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Monday, January 27, 2014

Gluten Intolerance – the confusing delay in symptoms

It took me forever to figure out, and then accept, that I have a non-Celiac gluten intolerance.   And I’m not alone.  About 5% of the population has gluten intolerance, and only a fraction of those people have Celiac.  The rest of us struggled along for years eating bread here and there, trying to figure out if we always felt like crap after eating bread, or if maybe our symptoms were related to something else we ate.  One of the reasons it can be so hard to “swallow” the idea that you might be gluten-intolerant is that the symptoms don’t necessarily come immediately after eating wheat.  Sometimes symptoms don’t occur until as much as 2 or 3 days after consuming wheat. 

If you eat a piece of bread and feel fine until the next evening, you’re more likely to blame your symptoms on whatever you ate for lunch on the day you started feeling bad.  But if you keep a food journal you can track whether your symptoms always come after you’ve eaten wheat.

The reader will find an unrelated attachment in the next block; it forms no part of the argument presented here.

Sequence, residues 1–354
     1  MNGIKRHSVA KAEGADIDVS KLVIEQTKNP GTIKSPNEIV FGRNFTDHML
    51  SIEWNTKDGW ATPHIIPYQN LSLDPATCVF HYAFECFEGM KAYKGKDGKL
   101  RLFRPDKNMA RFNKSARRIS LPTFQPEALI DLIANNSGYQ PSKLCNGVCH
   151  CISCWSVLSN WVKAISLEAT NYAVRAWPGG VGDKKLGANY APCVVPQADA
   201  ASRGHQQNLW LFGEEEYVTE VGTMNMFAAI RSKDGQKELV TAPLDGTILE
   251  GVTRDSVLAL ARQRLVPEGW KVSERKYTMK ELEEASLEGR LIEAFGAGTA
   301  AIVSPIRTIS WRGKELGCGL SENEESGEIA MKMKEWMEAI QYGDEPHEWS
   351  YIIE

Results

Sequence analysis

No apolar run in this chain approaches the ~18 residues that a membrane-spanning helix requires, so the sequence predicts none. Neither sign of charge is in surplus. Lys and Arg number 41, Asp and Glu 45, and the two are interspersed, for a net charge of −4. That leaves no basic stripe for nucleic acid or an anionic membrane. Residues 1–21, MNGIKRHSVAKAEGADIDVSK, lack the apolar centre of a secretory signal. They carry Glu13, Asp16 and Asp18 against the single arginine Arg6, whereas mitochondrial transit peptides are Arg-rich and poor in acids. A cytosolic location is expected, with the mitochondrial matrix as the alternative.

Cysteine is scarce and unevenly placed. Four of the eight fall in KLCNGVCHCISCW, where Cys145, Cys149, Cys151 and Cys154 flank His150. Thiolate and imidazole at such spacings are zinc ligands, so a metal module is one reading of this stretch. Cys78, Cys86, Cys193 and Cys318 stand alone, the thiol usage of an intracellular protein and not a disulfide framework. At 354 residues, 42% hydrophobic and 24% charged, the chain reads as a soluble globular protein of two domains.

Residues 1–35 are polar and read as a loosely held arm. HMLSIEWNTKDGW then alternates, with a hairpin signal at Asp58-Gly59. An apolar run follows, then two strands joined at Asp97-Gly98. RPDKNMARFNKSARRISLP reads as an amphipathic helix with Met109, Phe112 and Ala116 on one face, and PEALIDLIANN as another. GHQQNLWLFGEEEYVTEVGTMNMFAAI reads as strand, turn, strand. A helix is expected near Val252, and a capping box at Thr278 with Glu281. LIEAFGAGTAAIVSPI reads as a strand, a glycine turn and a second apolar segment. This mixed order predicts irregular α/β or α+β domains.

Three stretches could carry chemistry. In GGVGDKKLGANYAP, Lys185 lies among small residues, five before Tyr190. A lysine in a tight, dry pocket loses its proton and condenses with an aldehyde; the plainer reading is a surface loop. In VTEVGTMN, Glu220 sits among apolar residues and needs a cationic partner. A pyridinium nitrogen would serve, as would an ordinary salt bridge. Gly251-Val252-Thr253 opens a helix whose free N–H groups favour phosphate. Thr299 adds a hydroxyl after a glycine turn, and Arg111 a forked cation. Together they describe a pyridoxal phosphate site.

What are the symptoms of gluten intolerance?

-Bloating and stomach cramps
-Diarrhea, flatulence, constipation
-Tiredness, lethargy
-Headaches, memory problems
-Depression and anxiety
-Frequent illnesses such as colds and bacterial infections
-Joint and inflammation problems
-Eczema, itching, dandruff

Note that when you give up gluten it can take a couple of days to get relief from symptoms.  But once the gluten starts leaving your system your body will experience dramatic reductions in the symptoms.

Some good resources to check out:

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